Scarlett and Rhett are unforgettable. Now you know why! Here is my question for you. Who are your favorite book or movie characters and why? I look forward to your response.

Check out my website at www.diannmills.com and sign up for my newsletter!

Thanks, DiAnn. You've given us some great information. I can't wait to hear about everyone's favorite characters.


  1. Wow, Diann! You've really given me something to think about! I appreciate your insight in developing memorable characters!

  2. One author whose characters always stick with me is Deborah Smith. The most recent one I read was The Crossroads Cafe. I think the main characters really stayed with me because they're so flawed (the heroine is actually a beautiful star who's been scarred in an accident).

    Another one I'm reading right now is Courting Miss Adelaide by Janet Dean. Even when I'm not reading, I can hear Adelaide's voice in my head, all prim and proper! :) So I think that's the mark of good characterization.

    DiAnn, thanks for your wonderful post! I do have a question, though. How can we make a character flawed without making him/her unsympathetic or unlikable?


  3. Very informative blog, DiAnn -- thank you!

    My favorite book is Gone With the Wind, so of course my favorite characters are Rhett and Scarlett. To me, there is nothing more romantic than two people who don't want each other, but really do!! Their GMC says NO, but their body and soul says YES!! Oh, swoon, to me that's SOOO ROMANTIC!!

  4. I'd have to agree with Julie. Scarlett is such a great example of a flawed heroine, too. We have every reason in the world not to like her, yet we LOVE her.

    Keep listing your favorite characters. DiAnn will be stopping by later, after she finishes and all-day meeting.

  5. I love the characters in Brigadoon, the play and movie. Their love and need for each other (Tommy and Fiona) crosses the barriers of reality to bring the mythical town back to earth before its time. The pull of where they each belong overshadows their decisions until one must sacrifice everything. I wish I could write like that!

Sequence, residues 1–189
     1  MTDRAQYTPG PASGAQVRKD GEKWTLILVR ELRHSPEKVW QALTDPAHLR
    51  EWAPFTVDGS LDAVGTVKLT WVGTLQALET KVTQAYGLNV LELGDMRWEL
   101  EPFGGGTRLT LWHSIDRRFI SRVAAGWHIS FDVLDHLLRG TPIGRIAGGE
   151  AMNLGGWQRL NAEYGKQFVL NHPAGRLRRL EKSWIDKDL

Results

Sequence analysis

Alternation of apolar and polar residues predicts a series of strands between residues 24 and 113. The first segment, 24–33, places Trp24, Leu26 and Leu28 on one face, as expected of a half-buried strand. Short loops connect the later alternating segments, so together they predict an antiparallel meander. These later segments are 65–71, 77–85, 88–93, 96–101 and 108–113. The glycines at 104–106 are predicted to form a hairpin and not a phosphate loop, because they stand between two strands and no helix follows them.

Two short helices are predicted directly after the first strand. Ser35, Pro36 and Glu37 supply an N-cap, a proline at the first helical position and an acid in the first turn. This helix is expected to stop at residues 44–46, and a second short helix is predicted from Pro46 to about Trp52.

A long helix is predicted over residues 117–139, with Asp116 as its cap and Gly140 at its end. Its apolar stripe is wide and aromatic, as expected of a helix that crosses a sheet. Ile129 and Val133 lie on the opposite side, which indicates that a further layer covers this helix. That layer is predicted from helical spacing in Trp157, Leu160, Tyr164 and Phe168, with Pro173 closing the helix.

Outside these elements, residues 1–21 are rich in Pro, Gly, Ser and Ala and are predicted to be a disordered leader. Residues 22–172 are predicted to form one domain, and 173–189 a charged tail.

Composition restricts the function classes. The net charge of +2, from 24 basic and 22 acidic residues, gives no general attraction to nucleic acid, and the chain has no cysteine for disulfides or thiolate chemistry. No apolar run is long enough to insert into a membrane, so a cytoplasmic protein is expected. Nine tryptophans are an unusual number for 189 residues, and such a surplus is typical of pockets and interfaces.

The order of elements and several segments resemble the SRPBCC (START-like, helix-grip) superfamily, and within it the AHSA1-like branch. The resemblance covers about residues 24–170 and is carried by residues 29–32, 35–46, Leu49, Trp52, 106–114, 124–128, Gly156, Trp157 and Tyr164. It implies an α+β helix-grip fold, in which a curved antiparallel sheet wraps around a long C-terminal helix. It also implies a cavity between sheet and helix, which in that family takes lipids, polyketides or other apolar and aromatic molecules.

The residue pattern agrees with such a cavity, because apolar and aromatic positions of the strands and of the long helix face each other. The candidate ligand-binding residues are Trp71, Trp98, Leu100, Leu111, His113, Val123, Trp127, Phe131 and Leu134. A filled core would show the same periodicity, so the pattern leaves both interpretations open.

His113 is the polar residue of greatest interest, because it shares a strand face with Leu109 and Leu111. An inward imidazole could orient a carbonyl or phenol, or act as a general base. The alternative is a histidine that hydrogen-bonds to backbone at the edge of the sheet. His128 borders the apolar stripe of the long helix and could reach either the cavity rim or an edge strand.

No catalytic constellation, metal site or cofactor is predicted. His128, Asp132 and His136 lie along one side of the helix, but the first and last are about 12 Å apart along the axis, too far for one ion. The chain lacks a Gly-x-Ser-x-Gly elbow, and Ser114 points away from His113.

6. Great post, Diann, filled with helpful tips. Thanks.

    My favorite characters would be the four sisters in Little Women. Louisa May Alcott did a masterful job of painting them on the page. Another group of four sisters are also at the top of my list: Mary, Laura, Carrie and Grace, those wonderful Ingalls girls whom Laura Ingalls Wilder made into household names.

    And for more contemporary charaters, I would say that Michael Hosea and Angel/Sarah from Francine Rivers' excellent work Redeeming Love made a huge impact on me.

  7. DiAnn,

    My apologies for misspelling your name above. With a name like Keli, one would think I'd be more careful.

  8. Hi Cecelia, thanks so much for your sweet words. Glad you enjoyed the post!

  9. Hi Missy

    You asked: How can we make a character flawed without making him/her unsympathetic or unlikable?

    When you begin your story, show the protagonist's strengths. As the story moves along, then show the problem areas. The secret is to build the sympathy first. Remember how you fell in love with your spouse and then you got to know him? But, by then you were too much in love to do anything about it. :)

  10. Hi Julie

    I love Gone with the Wind too! A bestselling romance is with two unlikely people!

  11. Keli, I read Little Women so many times that I probably memorized it.
    Thanks for the post!

  12. LOL, DiAnn! I love that analogy of the husband.

    I'm starting a new proposal right now, so I'll be sure to make sure my hero is sympathetic right off the bat. Then I'll let him be himself. :)

    Thanks for blogging with us today!